Family restaurants are failing to offer enough healthy food choices to children, according to a new report.
The survey included 10 big chains
None of 10 big chains surveyed came close to meeting new school dinner standards, the study for the organic food body the Soil Association found.
It said meals were high in salt, sugar and fat and offered little fresh fruit or vegetables.
Cafe Rouge, bottom of the list, said half the meals on its children's menu were healthy options.
"Eat as much as you like"
It said the menu inspected by the investigators was only one of many that it offered.
Whitbread, which owns three of the chains surveyed, told the BBC it was already putting a new emphasis on fresh and healthy food, particularly in children's meals.
A restaurant manager for Little Chef said they had added a few salad ranges and vegetables to their menus.
The study looked at restaurant chains rather than fast-food outlets and included Beefeater, Brewers Fayre, Cafe Rouge, Garfunkels, Harvester, Hungry Horse, Little Chef, Nando's, Pizza Hut and TGI Fridays.
Nutritionists, sponsored by the Soil Association and food firm Organix, analysed 568 of the meal options offered at the restaurants.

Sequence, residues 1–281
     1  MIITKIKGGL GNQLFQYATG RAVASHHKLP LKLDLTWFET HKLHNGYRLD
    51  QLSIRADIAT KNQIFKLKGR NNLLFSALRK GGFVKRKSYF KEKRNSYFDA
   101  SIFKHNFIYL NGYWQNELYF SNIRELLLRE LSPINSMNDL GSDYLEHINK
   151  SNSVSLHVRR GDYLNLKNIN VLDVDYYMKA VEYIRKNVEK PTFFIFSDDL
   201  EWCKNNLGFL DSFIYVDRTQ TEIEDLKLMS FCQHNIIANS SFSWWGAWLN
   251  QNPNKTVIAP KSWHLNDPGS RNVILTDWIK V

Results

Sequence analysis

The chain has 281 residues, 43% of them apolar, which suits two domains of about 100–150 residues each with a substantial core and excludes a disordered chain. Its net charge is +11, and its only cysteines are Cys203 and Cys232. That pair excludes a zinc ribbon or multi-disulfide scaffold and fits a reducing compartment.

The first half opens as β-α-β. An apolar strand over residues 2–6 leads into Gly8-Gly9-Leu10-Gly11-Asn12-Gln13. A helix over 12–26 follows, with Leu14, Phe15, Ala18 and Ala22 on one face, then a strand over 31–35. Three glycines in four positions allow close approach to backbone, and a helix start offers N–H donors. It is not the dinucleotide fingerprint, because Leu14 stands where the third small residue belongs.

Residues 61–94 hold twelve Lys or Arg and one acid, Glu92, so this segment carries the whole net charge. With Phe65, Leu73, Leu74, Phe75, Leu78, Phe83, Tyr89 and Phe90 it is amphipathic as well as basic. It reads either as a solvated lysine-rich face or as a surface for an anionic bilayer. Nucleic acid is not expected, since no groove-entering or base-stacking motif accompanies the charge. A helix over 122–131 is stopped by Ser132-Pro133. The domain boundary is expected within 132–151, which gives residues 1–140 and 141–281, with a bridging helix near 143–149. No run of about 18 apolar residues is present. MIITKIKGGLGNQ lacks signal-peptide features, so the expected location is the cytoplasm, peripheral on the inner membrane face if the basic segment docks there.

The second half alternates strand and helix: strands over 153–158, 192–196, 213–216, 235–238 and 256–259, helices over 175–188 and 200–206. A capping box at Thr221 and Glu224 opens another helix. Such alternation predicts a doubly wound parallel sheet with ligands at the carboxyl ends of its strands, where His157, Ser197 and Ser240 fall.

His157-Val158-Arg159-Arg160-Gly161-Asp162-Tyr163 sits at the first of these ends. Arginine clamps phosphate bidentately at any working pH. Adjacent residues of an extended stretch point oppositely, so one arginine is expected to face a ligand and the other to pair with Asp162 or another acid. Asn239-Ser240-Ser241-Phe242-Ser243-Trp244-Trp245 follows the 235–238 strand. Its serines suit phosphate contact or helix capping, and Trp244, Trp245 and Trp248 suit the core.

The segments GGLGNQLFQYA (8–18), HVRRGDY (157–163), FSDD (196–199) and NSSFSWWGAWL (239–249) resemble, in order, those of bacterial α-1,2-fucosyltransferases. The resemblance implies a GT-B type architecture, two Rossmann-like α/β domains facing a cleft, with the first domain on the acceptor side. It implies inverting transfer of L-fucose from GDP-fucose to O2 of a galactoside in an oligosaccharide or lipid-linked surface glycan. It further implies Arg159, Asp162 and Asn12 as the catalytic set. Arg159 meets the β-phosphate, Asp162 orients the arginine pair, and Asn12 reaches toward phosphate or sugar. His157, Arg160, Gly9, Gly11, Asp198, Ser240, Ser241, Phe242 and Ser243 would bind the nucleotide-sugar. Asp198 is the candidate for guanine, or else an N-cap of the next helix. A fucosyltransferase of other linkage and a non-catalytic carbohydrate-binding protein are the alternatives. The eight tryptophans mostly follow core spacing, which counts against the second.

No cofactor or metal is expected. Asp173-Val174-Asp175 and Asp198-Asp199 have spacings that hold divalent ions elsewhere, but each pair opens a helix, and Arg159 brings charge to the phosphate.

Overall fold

None of the 10 chains passed the government's new school meal standards for fat and sugar levels.
Chips, bottomless fizzy drinks and "eat as much as you like" ice-cream were among the unhealthy products offered.
Soil Association policy director Peter Melchett said parents had the right to be offered healthy options for their children.
But he said: "Sadly, our survey of children's food in restaurants reveals that all the major providers of children's meals are simply continuing their unhealthy business of serving up junk food to children."
Emma Noble, Soil Association policy manager, added: "Some of these restaurants have made efforts but they just don't go far enough."
MARKS FOR MENUS
Marks out of 30
TGI Fridays - 16
Harvester - 15
Beefeater - 15
Pizza Hut - 14
Brewers Fayre - 13
Garfunkels - 12
Hungry Horse - 12
Little Chef - 11
Nando's - 10
Cafe Rouge - 8
However, the survey did find some shining examples of healthy restaurant meals, including the National Trust's restaurants and Ikea.
John Dyson of the British Hospitality Association pointed out that having a treat at a restaurant was different to eating lunch every day at school.
"Children eat far more meals at school and it makes a greater contribution to their diet than going out for a treat in a restaurant.
"I've had a look at some of the menus and have found salads and orange juice. There have been improvements," he added.
He said it was important to engage children with food and get people to understand what a healthy diet and lifestyle is.